July 12, 2010

Best And Worst Games (So Far)

I love this team. They're easy to like. The first month of the season was really difficult for a lot of reasons, but we got through it. ... [T]he level of intensity and trying to do the right thing has been off the charts. It's been a challenge, but one that I think we've all kind of enjoyed.

One fan's list of the best and worst games of the first half [sic] of the 2010 season.

Best

June 12 vs Phillies - Daniel Nava hits the first pitch of his major league career into the Red Sox bullpen for a grand slam! In the next inning, Nava comes to the plate with the bases loaded again -- bringing the Fenway crowd of 37,061 to its feet -- but strikes out. He adds a double later on and the Red Sox -- who were forced to use their bullpen for nine innings when Daisuke Matsuzaka goes on the DL immediately after his pre-game warm-ups -- win 10-2.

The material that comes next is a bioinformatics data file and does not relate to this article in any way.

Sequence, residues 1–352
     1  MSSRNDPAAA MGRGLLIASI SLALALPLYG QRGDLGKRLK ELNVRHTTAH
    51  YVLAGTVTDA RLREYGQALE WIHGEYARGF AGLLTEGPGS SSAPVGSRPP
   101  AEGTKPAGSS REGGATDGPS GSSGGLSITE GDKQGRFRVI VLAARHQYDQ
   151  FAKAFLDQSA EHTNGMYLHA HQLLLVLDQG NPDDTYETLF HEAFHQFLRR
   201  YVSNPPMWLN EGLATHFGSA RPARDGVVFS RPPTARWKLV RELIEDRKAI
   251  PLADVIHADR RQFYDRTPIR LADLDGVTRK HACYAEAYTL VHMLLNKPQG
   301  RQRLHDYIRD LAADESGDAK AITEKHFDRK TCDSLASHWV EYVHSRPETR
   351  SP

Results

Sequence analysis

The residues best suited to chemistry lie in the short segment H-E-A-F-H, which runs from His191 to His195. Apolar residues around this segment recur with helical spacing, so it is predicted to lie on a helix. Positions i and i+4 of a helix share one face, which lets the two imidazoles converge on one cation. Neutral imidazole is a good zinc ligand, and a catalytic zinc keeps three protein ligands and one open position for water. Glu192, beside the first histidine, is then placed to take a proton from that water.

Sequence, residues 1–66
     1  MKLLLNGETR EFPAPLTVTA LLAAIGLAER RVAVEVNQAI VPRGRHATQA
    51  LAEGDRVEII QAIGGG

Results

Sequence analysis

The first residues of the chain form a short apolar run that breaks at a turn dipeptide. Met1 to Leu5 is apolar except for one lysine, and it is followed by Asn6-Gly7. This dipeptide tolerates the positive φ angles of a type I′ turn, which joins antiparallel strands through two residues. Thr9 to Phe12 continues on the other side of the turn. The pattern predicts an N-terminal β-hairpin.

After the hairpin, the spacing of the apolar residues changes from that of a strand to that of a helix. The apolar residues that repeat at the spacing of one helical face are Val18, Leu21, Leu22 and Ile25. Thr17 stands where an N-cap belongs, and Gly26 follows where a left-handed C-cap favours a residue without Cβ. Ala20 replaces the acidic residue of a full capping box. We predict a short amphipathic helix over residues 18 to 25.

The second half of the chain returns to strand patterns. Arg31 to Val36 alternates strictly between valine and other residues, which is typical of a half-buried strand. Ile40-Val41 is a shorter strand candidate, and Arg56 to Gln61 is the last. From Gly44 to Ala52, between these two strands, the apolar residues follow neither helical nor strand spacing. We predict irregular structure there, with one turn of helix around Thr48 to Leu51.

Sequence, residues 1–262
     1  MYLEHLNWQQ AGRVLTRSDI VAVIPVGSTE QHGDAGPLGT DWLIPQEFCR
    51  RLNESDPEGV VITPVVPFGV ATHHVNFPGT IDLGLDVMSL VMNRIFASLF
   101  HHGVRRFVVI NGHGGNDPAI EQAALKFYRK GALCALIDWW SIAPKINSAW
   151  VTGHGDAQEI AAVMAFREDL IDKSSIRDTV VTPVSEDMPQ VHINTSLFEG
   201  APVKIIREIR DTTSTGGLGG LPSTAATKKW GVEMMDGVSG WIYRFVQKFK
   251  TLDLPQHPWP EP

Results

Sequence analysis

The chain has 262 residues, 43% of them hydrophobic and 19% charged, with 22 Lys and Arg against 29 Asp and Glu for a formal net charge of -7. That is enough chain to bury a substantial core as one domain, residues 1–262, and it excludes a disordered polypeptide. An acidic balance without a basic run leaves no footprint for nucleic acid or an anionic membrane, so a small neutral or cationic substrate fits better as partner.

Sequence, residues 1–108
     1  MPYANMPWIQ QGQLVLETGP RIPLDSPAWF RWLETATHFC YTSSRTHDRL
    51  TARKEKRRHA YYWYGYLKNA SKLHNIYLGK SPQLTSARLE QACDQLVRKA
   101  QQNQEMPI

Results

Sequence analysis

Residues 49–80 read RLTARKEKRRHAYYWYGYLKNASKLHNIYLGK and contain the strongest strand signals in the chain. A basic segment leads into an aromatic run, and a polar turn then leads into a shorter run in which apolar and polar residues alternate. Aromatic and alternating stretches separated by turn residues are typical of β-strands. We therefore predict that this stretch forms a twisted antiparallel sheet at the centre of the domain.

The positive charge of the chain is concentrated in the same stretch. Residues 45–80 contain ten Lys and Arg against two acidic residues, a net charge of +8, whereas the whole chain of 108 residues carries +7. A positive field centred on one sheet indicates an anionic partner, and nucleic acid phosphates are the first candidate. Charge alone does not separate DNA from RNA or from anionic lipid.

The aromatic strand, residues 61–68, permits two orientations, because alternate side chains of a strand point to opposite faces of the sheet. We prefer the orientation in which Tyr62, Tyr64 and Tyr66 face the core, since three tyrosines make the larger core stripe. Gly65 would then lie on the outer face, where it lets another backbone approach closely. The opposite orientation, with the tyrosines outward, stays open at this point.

April 20 vs Rangers - Both Jacoby Ellsbury and Mike Cameron go on the disabled list in the afternoon and Josh Reddick and Darnell McDonald arrive from Pawtucket. The Red Sox, off to their worst start in 14 years (4-9, and already 6 GB Tampa Bay), trail 6-2 after five innings. But Reddick doubles home two runs in the sixth to make it 6-4. McDonald pinch-hits for Reddick in the eighth and crushes a game-tying, two-run homer to left. McDonald then come through with a bases-loaded, game-winning single with two outs in the bottom of the ninth. Dustin Pedroia dubs him the "Microwave".